Enforcing Window Standards
IN ANY TYPE OF BLAST, whether vehicle-borne or not, flying window debris can be dangerous and often deadly. The 1995 bombing of the Alfred P. Murrah Federal Building in Oklahoma City highlighted this threat. An Oklahoma State Department of Health report found that most nonfatal injuries in the bombing were caused by glass.
Since the Oklahoma City bombing, the U.S. General Services Administration (GSA), which serves as the government’s “landlord,” overseeing federal buildings, has developed testing standards for assessing the blast resistance of whole window systems (including frames, glass, film, and other components). Those testing standards later evolved into the Interagency Security Committee (ISC) standards.
The standards organization ASTM International has also developed its own window testing standards. And there are additional more specific military standards. Nonmilitary government structures use the GSA (ISC) standards, while Department of Defense largely follows ASTM, according to Larry M. Bryant and Kenneth W. Herrle of Applied Research Associates, Inc., which does testing.
Outside companies often are hired to perform the standards testing for window manufacturers and vendors so that those suppliers can guarantee potential buyers that their windows are up to the designated ISC or ASTM standards.
But who tests the testers? There isn’t enough oversight in the industry to ensure that all the product and materials testing is being done up to the standard companies are claiming, say Bryant and Herrle.
Bryant, a senior technical adviser, says that he has received data from testing companies that claim they are testing up to a certain standard, but when he examines the data, he realizes that the testers are either not doing enough to meet the standard or they are actually meeting another standard instead—most often confusing the GSA/ISC standards with the ASTM standards.
It’s not so much that one set of standards is necessarily more stringent than the other, says Herrle, who is a senior engineer. It’s just that there are distinct differences between the two, such as in pressure gauge requirements and the ISC’s requirement to use internal high-speed video cameras inside the test area.
Confusion or conflation of the standards is a problem on many levels. One concern—depending on how far the testers diverged from the standards—is that in the event of a disaster, people who use the buildings that the glazing is on may not be as protected as the building operators intended. Furthermore, the vendors or sponsors of those tests are not getting their money’s worth from the testing facilities.
Cost may be part of the reason standards aren’t met, say Bryant and Herrle, noting that some parts of the tests, such as the use of specialized high-speed photography, can become very expensive. Additionally, the testing companies are often bidding against each other for the jobs. “Frankly, some of the test labs that want to get the job, they may omit some of the expensive parts of the test just so that they get the work,” says Bryant.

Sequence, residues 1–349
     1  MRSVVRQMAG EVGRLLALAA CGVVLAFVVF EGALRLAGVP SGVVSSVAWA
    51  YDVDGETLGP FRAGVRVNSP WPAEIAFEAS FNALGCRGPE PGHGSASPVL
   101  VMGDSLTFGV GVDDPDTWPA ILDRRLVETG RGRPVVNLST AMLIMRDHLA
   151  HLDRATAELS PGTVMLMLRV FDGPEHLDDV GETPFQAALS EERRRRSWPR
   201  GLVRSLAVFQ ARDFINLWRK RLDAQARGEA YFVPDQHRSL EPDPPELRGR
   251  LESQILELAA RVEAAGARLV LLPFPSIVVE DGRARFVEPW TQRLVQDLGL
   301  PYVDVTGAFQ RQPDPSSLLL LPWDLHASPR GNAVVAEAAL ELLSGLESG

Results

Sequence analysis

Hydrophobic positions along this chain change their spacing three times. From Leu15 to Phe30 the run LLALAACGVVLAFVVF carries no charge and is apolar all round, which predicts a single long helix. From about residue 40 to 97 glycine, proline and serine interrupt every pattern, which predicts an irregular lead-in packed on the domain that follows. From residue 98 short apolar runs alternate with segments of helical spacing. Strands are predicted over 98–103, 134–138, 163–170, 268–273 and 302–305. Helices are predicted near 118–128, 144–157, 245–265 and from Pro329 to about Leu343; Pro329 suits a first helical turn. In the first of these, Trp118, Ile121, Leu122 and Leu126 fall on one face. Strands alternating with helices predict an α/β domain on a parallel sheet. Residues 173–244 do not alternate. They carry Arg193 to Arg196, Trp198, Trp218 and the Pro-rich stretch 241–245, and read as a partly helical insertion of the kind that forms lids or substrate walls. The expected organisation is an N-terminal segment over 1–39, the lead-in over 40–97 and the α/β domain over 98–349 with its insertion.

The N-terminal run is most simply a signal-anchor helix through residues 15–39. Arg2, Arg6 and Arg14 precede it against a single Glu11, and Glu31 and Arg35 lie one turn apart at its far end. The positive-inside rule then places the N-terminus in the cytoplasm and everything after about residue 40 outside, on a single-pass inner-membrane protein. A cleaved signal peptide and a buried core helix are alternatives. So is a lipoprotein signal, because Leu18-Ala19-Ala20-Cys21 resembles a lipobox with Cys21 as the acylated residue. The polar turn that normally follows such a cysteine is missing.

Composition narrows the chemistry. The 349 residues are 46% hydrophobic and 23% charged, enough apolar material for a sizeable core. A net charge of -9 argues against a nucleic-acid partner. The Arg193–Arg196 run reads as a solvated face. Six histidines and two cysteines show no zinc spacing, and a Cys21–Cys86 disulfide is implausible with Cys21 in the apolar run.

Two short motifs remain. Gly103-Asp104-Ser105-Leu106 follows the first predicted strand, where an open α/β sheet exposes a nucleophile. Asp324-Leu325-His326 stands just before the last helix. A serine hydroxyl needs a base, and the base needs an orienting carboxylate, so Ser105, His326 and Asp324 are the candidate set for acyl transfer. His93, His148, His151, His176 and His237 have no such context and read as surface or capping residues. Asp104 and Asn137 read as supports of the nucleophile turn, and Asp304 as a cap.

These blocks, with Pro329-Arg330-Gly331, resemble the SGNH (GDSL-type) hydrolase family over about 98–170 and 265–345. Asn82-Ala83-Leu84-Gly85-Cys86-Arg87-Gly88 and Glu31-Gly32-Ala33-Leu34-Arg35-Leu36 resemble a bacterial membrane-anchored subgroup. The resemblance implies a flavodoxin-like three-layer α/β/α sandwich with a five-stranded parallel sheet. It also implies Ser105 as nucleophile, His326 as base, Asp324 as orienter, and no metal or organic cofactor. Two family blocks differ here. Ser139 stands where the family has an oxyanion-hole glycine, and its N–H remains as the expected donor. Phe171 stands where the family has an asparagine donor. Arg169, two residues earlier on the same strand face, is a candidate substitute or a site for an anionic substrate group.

Willie Hirano, senior structural engineer for GSA’s office of the chief architect, confirms that there is no regulating body for window-standard testing. When GSA chooses vendors to buy products from, he says, the agency relies on reputable vendors and testing companies.
If there are any cases where the testing data “looks funny,” says Hirano, GSA will contract its own testing on the windows. He adds that although GSA has rejected products for not meeting certain construction processes and specifications, he is not aware of a product that was rejected for improper testing.
One of Bryant and Herrle’s recommendations is that companies contracting out the testing educate themselves on the standards. “They may need to look a little beyond just accepting a statement [from the testing company] that it does meet those standards,” says Bryant. If the glazing companies learn what to look for in the data and testing, they’ll be able to know when they should question a testing company’s work.
Bryant and Herrle also recommend sending a representative to the testing site. Some companies already do this.
For example, Arpal Defender Project Manager Chris Baacke says his company sends a design engineer to the testing site to observe the testing, which prevents standards from not being up to par.
The design engineers are familiar with both the design of the windows and the standards to which the product is being tested. When there is a problem, such as the blast impulses not reaching the proper level, the tests are run again, Baacke says.
Part of the problem might be solved if the ISC and ASTM standards were the same. Hirano says he thinks it’s possible those two standards might merge at some point as the industry grows, although there are no plans yet to do so.